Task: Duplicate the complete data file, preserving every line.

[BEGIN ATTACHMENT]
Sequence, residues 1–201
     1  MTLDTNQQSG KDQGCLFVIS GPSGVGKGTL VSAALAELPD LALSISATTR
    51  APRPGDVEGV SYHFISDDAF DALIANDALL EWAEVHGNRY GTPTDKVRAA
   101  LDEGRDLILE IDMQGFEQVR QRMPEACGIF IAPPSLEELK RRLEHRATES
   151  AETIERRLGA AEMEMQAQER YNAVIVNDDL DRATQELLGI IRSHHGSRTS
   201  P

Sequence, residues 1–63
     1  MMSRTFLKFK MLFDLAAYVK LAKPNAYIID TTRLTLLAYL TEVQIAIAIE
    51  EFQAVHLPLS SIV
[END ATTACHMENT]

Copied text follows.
Sequence, residues 1–201
     1  MTLDTNQQSG KDQGCLFVIS GPSGVGKGTL VSAALAELPD LALSISATTR
    51  APRPGDVEGV SYHFISDDAF DALIANDALL EWAEVHGNRY GTPTDKVRAA
   101  LDEGRDLILE IDMQGFEQVR QRMPEACGIF IAPPSLEELK RRLEHRATES
   151  AETIERRLGA AEMEMQAQER YNAVIVNDDL DRATQELLGI IRSHHGSRTS
   201  P

Sequence, residues 1–63
     1  MMSRTFLKFK MLFDLAAYVK LAKPNAYIID TTRLTLLAYL TEVQIAIAIE
    51  EFQAVHLPLS SIV